Transforming education! NEP 2020: Voice of the unheard

September 23, 2020 6:45 AM

The NEP demonstrates an audacity to dream big, to give voice to the unheard from the rural and tribal hinterland

Nearly 43% students in class 1 are unable to recognise letters in rural India.

By Piyush Prakash
Every few minutes Rani’s stomach would rumble, and she would look outside her classroom, even as the rest of her friends were busy listening to the ongoing science popularisation session. Eventually, her stares caught the teacher’s attention. “Subah se kuch khaya nahi hai, khane ke ghanti ka intezaar kar rahi hun. (I haven’t eaten anything since the morning; I am just waiting for the mid-day meal bell.)”

Rani’s reaction is unsurprising; around 100 million children in India are dependent on their school’s mid-day meals (MDM) for daily sustenance. India has 46.6 million stunted children under the age of five—and stunted children perform 48% lower in mathematics than their non-stunted counterparts at the age of 8, a study in Ethiopia showed. The National Educational Policy (NEP) 2020 has taken a remarkable step in recommending the inclusion of breakfast in the MDM. It enables students, like Rani, to concentrate in class and maximise their potential like their peers in private schools.

Nutrition, however, is only one of many factors correlated with a child’s learning. Studies have shown that school readiness, a combination of motor, cognitive and socio-emotional development, influences the learning curve of children when they enter school. Nearly 43% students in class 1 are unable to recognise letters in rural India. Therefore, the NEP’s recommendation to provide universal access to pre-primary education through anganwadis and balvatikas will provide a level-playing field to many and ensure they are ready for school.

As Nobel Laureate James Heckman’s work shows, the RoI for pre-schooling is as high as 7-10%, realised through better outcomes in education, health, social behaviour and employment—all key factors for socio-economic mobility.

Let us take the case of eight-year-old Persa from the Gond community in central India. Though in class 2, Persa is hardly able to read words or do addition. Students like Persa tend to accumulate learning loss over grades, hit a flat learning curve, enter ‘learning poverty’ (i.e. being unable to read and understand a simple text by the age of 10) and often drop out of schools. Only 70 students out of 100 complete schooling in India—the numbers fall to 30 in Jharkhand, 46 in Bihar and 55 in West Bengal. The NEP admits to this learning crisis and sets the goal of achieving foundational literacy and numeracy for all primary students by 2025, thereby setting these students on a path of sustained learning.

That said, learning and student achievements also depend on the language of learning. A 2017 study revealed that linguistically mismatched districts of southern India have 18% lower literacy rates and 20.1% lower college graduation rates, driven by the difficulty in acquiring education in an unfamiliar medium of instruction. A native speaker of Gondi like Persa would struggle to read books and comprehend school instruction, both of which use Hindi.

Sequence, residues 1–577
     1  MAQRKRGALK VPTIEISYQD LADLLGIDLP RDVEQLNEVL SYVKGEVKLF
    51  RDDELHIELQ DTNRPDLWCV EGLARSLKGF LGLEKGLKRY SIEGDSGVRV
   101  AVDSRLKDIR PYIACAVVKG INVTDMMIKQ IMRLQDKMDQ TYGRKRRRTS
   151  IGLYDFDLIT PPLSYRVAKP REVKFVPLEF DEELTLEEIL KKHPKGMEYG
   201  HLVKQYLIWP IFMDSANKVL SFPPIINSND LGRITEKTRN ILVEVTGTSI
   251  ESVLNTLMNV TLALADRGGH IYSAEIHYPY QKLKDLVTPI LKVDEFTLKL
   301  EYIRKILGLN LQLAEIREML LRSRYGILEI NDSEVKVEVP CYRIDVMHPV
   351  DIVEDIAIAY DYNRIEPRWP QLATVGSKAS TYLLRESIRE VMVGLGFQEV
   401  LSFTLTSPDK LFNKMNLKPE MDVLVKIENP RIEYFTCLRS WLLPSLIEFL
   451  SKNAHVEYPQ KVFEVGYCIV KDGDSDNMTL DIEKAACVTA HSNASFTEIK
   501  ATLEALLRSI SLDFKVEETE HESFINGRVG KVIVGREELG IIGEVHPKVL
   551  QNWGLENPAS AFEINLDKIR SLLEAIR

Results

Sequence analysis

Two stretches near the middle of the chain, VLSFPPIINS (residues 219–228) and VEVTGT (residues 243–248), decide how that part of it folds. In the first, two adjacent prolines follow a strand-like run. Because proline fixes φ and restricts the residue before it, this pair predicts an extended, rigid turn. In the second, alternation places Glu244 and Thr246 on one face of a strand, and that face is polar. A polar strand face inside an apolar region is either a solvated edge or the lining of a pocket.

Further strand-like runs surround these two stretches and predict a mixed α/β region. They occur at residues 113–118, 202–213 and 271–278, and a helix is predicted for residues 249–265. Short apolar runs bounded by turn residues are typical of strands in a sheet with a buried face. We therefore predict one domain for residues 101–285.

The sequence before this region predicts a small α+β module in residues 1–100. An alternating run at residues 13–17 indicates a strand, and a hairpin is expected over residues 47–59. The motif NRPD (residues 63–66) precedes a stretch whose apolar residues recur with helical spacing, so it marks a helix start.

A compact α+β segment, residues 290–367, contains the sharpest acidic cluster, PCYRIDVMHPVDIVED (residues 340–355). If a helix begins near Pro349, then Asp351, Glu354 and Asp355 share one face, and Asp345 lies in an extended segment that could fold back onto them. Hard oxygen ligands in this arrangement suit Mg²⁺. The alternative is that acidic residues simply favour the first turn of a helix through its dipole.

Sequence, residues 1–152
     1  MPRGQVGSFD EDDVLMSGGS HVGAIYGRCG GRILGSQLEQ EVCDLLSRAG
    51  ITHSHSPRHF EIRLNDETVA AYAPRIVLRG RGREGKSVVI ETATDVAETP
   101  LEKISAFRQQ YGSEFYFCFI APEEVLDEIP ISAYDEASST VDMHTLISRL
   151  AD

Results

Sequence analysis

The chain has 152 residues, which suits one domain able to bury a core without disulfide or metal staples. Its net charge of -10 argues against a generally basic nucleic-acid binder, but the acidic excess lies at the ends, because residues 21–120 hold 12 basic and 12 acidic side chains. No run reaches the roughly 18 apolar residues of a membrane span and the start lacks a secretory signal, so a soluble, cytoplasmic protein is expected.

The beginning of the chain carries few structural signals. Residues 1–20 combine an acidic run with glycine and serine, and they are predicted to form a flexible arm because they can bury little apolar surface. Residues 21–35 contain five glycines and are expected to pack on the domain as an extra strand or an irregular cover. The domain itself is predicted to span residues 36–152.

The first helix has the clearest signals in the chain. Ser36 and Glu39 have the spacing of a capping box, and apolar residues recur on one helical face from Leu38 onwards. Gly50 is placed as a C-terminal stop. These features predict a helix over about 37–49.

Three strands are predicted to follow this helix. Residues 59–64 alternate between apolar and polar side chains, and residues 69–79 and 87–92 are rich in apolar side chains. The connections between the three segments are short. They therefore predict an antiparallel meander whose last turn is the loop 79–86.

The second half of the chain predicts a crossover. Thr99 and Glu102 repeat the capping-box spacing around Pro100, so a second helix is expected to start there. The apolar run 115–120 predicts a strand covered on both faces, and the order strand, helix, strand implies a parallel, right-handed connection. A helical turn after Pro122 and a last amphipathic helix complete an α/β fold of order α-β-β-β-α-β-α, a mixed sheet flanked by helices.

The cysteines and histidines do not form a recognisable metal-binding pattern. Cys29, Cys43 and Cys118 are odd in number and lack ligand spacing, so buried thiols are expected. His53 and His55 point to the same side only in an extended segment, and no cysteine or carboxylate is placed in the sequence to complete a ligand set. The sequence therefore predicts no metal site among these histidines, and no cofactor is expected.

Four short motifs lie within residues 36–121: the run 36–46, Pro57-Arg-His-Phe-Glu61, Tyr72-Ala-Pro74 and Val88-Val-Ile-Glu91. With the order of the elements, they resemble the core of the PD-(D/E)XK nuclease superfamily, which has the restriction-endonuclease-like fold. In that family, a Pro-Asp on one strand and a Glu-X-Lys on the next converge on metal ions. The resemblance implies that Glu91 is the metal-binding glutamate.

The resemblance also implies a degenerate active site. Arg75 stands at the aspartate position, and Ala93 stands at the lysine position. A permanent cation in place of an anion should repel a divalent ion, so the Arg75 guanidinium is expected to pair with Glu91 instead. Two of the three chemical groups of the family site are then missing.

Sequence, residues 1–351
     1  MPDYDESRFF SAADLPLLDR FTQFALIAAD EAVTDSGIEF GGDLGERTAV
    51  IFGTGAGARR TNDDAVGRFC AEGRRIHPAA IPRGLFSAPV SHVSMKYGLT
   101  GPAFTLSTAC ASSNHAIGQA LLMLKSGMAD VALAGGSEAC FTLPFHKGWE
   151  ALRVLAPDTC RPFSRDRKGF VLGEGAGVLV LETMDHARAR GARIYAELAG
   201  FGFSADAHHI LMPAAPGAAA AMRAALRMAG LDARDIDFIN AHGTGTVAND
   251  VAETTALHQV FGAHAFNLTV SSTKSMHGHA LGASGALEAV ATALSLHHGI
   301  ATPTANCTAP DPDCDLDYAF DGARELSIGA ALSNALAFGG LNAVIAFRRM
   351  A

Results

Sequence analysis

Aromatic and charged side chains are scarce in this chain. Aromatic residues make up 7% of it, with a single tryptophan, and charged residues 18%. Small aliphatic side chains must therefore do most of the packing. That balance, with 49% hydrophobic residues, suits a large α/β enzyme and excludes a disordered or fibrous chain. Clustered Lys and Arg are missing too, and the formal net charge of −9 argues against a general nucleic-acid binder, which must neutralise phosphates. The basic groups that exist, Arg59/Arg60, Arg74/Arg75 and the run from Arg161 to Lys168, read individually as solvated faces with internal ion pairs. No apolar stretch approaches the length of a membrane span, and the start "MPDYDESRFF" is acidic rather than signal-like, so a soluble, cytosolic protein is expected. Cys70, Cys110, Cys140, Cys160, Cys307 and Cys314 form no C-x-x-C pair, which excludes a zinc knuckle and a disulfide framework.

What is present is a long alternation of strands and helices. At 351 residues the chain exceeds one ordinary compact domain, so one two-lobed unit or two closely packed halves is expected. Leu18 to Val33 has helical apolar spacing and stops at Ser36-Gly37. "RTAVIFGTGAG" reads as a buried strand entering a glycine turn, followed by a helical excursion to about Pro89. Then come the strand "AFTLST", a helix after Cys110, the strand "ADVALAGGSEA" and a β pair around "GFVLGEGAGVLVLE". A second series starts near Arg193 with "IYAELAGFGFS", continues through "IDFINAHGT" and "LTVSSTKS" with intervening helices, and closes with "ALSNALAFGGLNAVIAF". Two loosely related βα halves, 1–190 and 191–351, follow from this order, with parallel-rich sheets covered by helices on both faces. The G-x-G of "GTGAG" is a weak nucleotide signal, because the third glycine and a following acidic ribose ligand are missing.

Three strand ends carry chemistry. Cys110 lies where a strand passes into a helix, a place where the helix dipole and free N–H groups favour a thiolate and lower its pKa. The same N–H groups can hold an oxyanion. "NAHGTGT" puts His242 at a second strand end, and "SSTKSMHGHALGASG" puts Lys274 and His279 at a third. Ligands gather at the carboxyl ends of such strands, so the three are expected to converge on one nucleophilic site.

Such students are often marginalised within the classroom, with little space for self-expression and interpersonal communication. The NEP’s recommendation for instruction in mother tongue till primary school paves the way for millions of students, like Persa, to regain self-confidence and establish their identities. Another Ethiopian study suggests that learning in the mother tongue from classes 1-4 significantly increases students’ mathematics and literacy test scores when they transition to English instruction in class 5. The three-language formula also opens the door for learning of Hindi and English, facilitating Persa’s integration in his immediate society and job-readiness in the future.

The NEP’s recommendation to integrate vocational education in middle school is relevant for market-facing skills. However, students from marginalised backgrounds, like Rani and Persa, often drop out of schools and pick up odd jobs. It will have to be ensured that such students do not see vocational education as an exit route from the school.

The NEP’s vision to attain a GER of 100% across grades by 2030 has the potential to ensure such students complete schooling while learning job-relevant skills. An amendment to the RTE Act, 2009, to include education from the pre-primary to the senior secondary level as a fundamental right will allay fears of student dropouts because of vocational education.

The NEP vouches for introducing coding from class 6 onwards. One of the most sought-after skills in the job market and a ladder to socio-economic mobility, the ability to code could be a game changer for students from marginalised backgrounds. Its success, however, lies in political will, an equitable distribution of resources, and its implementation.

The National Educational Technology Forum, envisaged in the NEP, can play an instrumental role in ensuring digital literacy—a precursor to coding—among all school-going children, regardless of their social background or geography.
In many ways, the NEP is revolutionary. It demonstrates humility in accepting the unhappy state of school education in our country. At the same time, it demonstrates an audacity to dream big, to give voice to the unheard from the rural and tribal hinterland, and to facilitate their success.

 

The author is senior associate, NITI Aayog. Views are personal

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